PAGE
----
Many times, therapists use conversational Spanish, but a sensory resource translated into Spanish would be an asset to their therapy toolbox. The specific terms used in describing and understanding SPD and the sensory systems can be tricky to portray in translation.


    Que es procesamiento sensorial free printable resource for sensory processing information with a Spanish translation for Spanish speaking clients




    This Spanish Sensory Processing information booklet is perfect for the therapist needing resources to educate parents and teachers.

    You’ll find information on sensory processing, including each of the sensory systems and how these sensory systems present when sensory processing is a challenge. You’ll find each sensory system covered on its own page, including interoception, vestibular sense, tactile sense, and proprioception…all of which are big topics and can be difficult to portray in translating sensory information during occupational therapy sessions.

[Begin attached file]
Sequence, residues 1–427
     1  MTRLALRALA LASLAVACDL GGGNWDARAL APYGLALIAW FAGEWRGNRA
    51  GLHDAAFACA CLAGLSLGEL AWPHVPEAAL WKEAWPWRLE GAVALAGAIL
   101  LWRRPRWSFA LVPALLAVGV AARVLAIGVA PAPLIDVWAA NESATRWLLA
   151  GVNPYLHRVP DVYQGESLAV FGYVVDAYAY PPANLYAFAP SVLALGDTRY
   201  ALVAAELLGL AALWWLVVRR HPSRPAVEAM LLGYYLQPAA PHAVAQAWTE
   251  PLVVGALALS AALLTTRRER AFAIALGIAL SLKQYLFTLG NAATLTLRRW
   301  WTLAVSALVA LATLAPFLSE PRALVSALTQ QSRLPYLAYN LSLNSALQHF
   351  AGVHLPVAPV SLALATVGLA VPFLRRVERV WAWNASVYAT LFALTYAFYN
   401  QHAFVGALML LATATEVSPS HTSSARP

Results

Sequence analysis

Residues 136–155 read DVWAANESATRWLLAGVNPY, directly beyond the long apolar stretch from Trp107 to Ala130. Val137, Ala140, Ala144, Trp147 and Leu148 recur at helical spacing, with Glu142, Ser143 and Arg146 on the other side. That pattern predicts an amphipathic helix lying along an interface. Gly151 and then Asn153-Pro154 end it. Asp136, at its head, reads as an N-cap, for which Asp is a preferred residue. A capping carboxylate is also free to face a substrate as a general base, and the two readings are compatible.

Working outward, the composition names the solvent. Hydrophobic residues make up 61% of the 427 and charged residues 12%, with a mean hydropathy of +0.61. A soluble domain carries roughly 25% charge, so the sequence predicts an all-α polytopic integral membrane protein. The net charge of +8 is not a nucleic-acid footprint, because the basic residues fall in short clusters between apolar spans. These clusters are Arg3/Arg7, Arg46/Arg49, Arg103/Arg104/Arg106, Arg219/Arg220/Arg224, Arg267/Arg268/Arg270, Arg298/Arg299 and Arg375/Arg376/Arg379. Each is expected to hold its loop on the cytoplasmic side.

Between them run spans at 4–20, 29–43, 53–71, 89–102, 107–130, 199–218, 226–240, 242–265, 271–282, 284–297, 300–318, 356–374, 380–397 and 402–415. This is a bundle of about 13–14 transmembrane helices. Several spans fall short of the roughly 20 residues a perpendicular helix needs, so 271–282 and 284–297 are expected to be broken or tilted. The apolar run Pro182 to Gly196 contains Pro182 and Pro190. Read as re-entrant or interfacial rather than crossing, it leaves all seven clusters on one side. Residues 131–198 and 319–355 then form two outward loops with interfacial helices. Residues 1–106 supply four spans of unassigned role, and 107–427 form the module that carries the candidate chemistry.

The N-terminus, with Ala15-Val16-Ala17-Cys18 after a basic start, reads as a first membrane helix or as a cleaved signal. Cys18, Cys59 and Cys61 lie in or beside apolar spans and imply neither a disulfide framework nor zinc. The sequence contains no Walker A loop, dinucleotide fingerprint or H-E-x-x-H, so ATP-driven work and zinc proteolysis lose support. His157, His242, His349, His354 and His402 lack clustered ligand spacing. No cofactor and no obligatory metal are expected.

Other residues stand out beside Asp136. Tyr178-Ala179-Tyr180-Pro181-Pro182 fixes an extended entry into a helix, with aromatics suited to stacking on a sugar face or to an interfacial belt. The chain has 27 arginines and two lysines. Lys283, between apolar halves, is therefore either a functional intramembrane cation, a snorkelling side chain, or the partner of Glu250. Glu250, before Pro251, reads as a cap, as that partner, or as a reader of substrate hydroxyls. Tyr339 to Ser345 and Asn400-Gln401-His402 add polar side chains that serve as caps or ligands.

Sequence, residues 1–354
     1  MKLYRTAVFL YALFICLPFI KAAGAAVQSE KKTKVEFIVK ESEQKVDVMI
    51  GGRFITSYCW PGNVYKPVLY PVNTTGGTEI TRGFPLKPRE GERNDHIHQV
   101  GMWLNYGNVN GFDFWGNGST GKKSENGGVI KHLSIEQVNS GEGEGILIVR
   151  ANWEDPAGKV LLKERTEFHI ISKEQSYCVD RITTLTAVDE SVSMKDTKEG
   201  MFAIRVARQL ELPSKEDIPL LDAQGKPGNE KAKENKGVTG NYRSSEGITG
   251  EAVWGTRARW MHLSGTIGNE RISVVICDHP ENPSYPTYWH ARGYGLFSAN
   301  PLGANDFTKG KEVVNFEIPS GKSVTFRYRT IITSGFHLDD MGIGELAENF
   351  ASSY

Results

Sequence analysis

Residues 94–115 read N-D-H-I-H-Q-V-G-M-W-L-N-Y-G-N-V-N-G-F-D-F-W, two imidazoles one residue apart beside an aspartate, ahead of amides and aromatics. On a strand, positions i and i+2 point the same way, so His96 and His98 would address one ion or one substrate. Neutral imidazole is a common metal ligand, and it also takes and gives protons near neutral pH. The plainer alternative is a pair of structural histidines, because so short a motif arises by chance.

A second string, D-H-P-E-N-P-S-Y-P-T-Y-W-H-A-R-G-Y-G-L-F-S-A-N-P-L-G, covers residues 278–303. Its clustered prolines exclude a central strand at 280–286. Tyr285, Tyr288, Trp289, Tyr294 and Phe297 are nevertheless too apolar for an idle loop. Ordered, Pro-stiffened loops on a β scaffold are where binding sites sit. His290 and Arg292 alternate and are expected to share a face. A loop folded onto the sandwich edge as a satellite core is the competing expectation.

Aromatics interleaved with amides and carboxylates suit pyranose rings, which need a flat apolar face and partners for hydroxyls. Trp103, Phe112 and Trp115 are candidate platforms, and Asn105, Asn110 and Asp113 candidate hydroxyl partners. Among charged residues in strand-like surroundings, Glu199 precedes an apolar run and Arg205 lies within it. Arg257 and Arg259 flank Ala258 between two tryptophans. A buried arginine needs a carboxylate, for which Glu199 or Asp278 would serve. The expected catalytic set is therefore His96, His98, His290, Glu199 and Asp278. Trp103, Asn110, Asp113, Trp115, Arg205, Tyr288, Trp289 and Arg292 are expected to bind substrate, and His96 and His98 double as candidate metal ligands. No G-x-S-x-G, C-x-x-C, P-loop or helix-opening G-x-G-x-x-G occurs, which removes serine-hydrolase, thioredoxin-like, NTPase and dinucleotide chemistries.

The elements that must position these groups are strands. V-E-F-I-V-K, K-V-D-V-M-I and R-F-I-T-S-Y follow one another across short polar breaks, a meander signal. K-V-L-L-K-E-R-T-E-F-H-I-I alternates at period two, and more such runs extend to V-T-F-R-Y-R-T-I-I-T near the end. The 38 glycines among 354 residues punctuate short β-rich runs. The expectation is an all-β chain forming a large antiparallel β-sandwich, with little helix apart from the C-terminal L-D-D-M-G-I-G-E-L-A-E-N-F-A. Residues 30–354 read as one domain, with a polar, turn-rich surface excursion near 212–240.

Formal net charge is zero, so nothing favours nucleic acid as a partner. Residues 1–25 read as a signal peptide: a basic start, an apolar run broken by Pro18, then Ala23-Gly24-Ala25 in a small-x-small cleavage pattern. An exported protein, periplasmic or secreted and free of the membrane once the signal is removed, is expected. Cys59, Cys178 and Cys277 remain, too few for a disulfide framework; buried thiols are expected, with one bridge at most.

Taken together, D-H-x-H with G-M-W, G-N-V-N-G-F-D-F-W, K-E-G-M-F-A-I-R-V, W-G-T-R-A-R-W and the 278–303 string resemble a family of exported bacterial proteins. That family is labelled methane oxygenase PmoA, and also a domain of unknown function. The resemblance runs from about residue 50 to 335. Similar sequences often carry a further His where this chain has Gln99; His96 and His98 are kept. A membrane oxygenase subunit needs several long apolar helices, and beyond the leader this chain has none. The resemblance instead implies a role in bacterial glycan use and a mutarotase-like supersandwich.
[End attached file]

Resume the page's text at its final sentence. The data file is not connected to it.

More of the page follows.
Sensory processing information in spanish for educating and helping Spanish speaking occupational therapy clients

    Pages in the sensory processing information booklet are easy to read and broken own by sensory system. For the full printable booklet, scroll below to enter your email.






    In this sensory resource, you’ll find each of the sensory systems broken down and information telling how the sensory systems are related to behaviors, actions, and specific needs that we see. This resource is a powerful way to get the information across! 


    Print this free Spanish resource for explaining sensory processing with a spanish translation.

    Occupational Therapy Resources in Spanish

    Let me know if this resource is helpful to you! Would you be interested in more Occupational Therapy resources in Spanish?